JAJAH ONILU (SEPT 1955 – JAN 2012)
By AMON SABA SAAKANA
Death is a bold stalker of life and appears unannounced at any time, day or night, like a thief or murderer, without ample warning. Everybody referred to him as Jajah, a self-renaming based on that of the exiled 19th century African king who came to St Vincent and Barbados under the coercion of the British Colonial powers in 1888. But he was born Carl Junior Mulligan on September 24, 1955, in Park Street, Port of Spain (relative of former table tennis champion, Reds Mulligan).
Jajah always told me that he was brought up by his grandmother, a highly religious and organized Orisha woman, who worked hard, sang, and instilled the fundamental principle of working for one’s keep, and from whom he inherited the Orisha faith. Jajah was always a working, disciplined person. From a side-man in many bands in Trinidad and Tobago, he worked for years as chief percussionist and collaborator with the late Andre Tanker, in the running of the band. He also worked as a co-producer for two albums, but played on the seven albums, with Trinbago’s leading sacred Orisha singer, Ella Andall. It was with Andall that Jajah’s training and range as a multi-instrumentalist came to the fore.
Most importantly, he devoted the last fifteen years of his life to designing and constructing a building in Caura on Caura Royal Road which he shared with former UWI lecturer, Dr Shango, a leading organic farmer and musician in Trinbago. With his two male children, Baba Iyinde, 31, and Modupe Folasade, 26, both musicians and singers (a daughter Oshun, 19, lives in the USA), he completed a building in the round, decorated with life-size concrete sculptures with the assistance of renowned Trinbago artist, Sean Peters. In this building he designed extraordinary jewellery which he called “organic,” made from natural woods, seeds, fruits, etc. He never made more than one pair of anything and many famous Trinbago artistes of different genres competed to get a pair, sometimes giving him money blindly in advance for anything he created. Such was his creativity and reputation.
One of his most original but highly undervalued skills was as a designer and manufacturer of acoustic instruments which he also termed organic. He created the bamboolin, a violin made of bamboo, bamboo flutes, percussion instruments made with traditional goatskin but also shakers, scratchers and a variety of percussion instruments which were unique to Jajah only.
Although this enterprise was highly creative and unique, he never had the financial support or the vision of government patronage. A workshop such as what Jajah created was miles ahead of a CEPEP or URP which contained only a clean-up campaign function despite high-sounding catch-alls. Jajah’s enterprise called for skill-training and high discipline as well as the injection of cultural philosophy that would inevitably shape the individual to aspire to higher heights. The worldview and practice of his two young men is a real example of what Jajah’s life was about. He did not tolerate half-hearted approaches, he did not encourage slackness.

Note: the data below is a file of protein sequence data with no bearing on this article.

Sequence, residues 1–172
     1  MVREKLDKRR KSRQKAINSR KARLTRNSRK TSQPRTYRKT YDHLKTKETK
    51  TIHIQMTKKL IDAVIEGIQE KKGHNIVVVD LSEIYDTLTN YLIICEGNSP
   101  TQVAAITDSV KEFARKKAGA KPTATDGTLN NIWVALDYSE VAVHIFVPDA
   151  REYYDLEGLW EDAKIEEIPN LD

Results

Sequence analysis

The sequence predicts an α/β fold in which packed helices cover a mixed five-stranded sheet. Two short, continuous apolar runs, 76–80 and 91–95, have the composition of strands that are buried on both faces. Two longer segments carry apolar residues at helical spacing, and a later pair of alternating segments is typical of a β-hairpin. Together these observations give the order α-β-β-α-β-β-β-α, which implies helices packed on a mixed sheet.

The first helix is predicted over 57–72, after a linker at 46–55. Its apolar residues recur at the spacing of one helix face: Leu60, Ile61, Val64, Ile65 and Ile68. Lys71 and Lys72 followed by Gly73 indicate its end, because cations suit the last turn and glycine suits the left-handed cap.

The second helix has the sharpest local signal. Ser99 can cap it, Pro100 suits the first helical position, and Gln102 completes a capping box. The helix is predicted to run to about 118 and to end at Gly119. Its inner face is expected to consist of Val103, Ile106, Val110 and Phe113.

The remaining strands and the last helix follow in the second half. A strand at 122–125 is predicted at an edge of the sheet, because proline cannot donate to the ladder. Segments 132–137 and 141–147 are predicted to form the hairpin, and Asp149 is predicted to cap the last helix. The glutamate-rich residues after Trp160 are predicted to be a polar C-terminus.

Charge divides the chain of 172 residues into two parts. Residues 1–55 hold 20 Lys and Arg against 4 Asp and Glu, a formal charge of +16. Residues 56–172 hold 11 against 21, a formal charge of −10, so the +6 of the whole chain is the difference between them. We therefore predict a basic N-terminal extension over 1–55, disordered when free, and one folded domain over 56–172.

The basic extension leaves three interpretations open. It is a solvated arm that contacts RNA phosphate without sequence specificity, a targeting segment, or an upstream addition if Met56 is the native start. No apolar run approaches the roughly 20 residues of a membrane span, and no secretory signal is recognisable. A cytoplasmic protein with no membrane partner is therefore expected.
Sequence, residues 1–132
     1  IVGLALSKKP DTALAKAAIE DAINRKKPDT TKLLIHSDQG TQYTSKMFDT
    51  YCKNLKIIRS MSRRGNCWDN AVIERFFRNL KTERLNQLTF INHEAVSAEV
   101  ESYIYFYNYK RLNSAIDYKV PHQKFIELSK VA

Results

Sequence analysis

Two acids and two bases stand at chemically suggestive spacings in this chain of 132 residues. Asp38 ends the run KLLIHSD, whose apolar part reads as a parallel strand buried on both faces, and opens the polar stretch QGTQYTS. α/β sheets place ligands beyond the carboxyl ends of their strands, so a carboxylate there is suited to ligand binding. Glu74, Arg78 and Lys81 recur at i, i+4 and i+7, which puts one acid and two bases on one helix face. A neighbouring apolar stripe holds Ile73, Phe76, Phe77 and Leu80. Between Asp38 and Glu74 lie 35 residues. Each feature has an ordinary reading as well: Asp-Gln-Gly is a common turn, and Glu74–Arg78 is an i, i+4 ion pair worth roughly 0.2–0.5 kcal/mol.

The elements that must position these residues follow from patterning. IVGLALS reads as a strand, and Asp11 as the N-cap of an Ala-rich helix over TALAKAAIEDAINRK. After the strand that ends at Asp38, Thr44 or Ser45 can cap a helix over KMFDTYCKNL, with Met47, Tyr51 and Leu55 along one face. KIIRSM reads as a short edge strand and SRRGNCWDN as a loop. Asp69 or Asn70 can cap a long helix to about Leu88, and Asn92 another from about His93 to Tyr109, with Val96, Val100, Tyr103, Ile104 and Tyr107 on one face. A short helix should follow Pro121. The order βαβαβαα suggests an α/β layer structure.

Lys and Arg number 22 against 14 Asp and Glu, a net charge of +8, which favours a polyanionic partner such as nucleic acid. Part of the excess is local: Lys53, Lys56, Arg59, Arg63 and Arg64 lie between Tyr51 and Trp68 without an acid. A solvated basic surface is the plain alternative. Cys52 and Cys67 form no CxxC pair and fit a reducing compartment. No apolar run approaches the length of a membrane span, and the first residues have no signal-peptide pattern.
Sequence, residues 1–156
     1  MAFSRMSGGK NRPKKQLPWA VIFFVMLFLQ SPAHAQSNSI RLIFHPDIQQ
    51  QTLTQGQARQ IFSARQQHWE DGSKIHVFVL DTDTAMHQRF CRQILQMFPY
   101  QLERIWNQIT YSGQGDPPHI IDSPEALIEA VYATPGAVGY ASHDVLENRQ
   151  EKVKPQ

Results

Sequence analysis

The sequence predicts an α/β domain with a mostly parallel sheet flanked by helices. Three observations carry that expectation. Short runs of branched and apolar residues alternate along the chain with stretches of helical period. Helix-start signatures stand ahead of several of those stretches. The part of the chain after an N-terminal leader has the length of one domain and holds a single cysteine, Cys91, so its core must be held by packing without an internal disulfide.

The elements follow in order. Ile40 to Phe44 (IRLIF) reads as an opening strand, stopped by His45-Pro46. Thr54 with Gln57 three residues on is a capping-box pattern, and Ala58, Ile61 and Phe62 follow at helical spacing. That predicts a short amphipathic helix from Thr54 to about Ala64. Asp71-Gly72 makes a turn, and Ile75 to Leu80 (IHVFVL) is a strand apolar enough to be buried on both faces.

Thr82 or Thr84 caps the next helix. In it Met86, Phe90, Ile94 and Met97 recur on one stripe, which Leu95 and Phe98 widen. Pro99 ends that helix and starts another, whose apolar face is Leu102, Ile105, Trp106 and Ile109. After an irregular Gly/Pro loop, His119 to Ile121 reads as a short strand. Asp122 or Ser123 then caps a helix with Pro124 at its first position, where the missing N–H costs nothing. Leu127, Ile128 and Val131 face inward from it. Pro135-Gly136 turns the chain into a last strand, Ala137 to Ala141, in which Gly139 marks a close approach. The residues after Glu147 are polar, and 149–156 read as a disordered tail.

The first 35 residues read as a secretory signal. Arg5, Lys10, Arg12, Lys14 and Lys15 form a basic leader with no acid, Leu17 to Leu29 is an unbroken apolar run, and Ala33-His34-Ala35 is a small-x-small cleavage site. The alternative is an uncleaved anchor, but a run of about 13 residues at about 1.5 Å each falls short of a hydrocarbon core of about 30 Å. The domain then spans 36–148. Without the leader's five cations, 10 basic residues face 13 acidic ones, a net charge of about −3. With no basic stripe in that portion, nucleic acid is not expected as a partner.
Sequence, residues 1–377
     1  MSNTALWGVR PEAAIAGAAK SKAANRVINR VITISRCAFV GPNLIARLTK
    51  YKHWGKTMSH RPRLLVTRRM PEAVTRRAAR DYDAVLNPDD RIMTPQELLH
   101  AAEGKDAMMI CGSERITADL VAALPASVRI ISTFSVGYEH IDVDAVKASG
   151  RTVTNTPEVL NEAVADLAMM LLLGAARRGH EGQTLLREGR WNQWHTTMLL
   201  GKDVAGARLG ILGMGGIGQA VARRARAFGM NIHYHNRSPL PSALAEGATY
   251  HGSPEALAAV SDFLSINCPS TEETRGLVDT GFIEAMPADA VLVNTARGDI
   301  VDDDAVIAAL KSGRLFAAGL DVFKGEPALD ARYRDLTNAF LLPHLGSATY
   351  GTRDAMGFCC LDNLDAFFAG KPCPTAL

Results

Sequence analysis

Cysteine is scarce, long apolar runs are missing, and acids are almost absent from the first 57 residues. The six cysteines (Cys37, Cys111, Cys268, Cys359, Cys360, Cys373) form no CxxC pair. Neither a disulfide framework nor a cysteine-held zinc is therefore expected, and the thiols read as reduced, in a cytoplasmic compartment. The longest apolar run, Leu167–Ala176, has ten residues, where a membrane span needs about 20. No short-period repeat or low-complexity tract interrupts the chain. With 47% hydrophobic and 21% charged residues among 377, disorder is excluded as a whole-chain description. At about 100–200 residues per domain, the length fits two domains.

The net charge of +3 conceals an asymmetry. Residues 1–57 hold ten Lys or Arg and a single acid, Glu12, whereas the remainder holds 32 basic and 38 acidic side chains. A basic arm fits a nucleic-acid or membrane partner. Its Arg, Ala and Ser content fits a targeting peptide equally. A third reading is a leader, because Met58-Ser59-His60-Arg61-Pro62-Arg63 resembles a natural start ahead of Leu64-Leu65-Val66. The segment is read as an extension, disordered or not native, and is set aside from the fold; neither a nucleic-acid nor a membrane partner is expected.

In his last years, he tried to pursue a saint-like devotion to religious and spiritual purification, to the extent of extensive fasting and not devoting time to eating. Just two days before his untimely death, some female friends visited him and urged him to have a woman contribute to his life, particularly with cooking. He rejected this completely. But it was the voice of God talking through the women. The ulcerated stomach which called for rapid surgery burst and invaded his lungs which quickened his departure.
On a professional level, he toured many areas of the world including the college circuit in the USA, Britain and Asia, and conducted music-in-education workshops for primary and secondary schools in Trinbago. About two years ago he recorded an unusual CD, Organic Awakening, that was entirely acoustic which he recorded with his two sons on his digital recording facilities from a computer. On this he featured a meditative rhythmic composition, “Chaguanas” which utilized the self-designed berimbau (first developed in South America among the indigenous peoples) on which he and his sons played. This was dedicated to Trinbago’s first peoples who first inhabited Chaguanas.
What Jajah aspired to was a spiritual music which inspired the listener to think and meditate to the higher aspects of the human being, rather than the lower levels of sexuality and sensuality.
In his passing, we recognize a true Trinbagonian with international standards, a fierce dedication to his talent, a do-it-yourself builder, agriculturist and instrument designer. He was a man devoted to clearing and caring for and planting the agricultural land he occupied and putting it to productive use.
Unfortunately, he was not recognized for the commercial exploration and possibilities his creativity represented. And one wonders whether his vast legacy will be inherited and extended by his children, although they had both worked tirelessly alongside their beloved father.
Jajah Onilu, may your ancestors receive you with pride and may God grant you protection and safe passage, and may you continue to create in the world of spirits where you will meet up with those who had departed before you.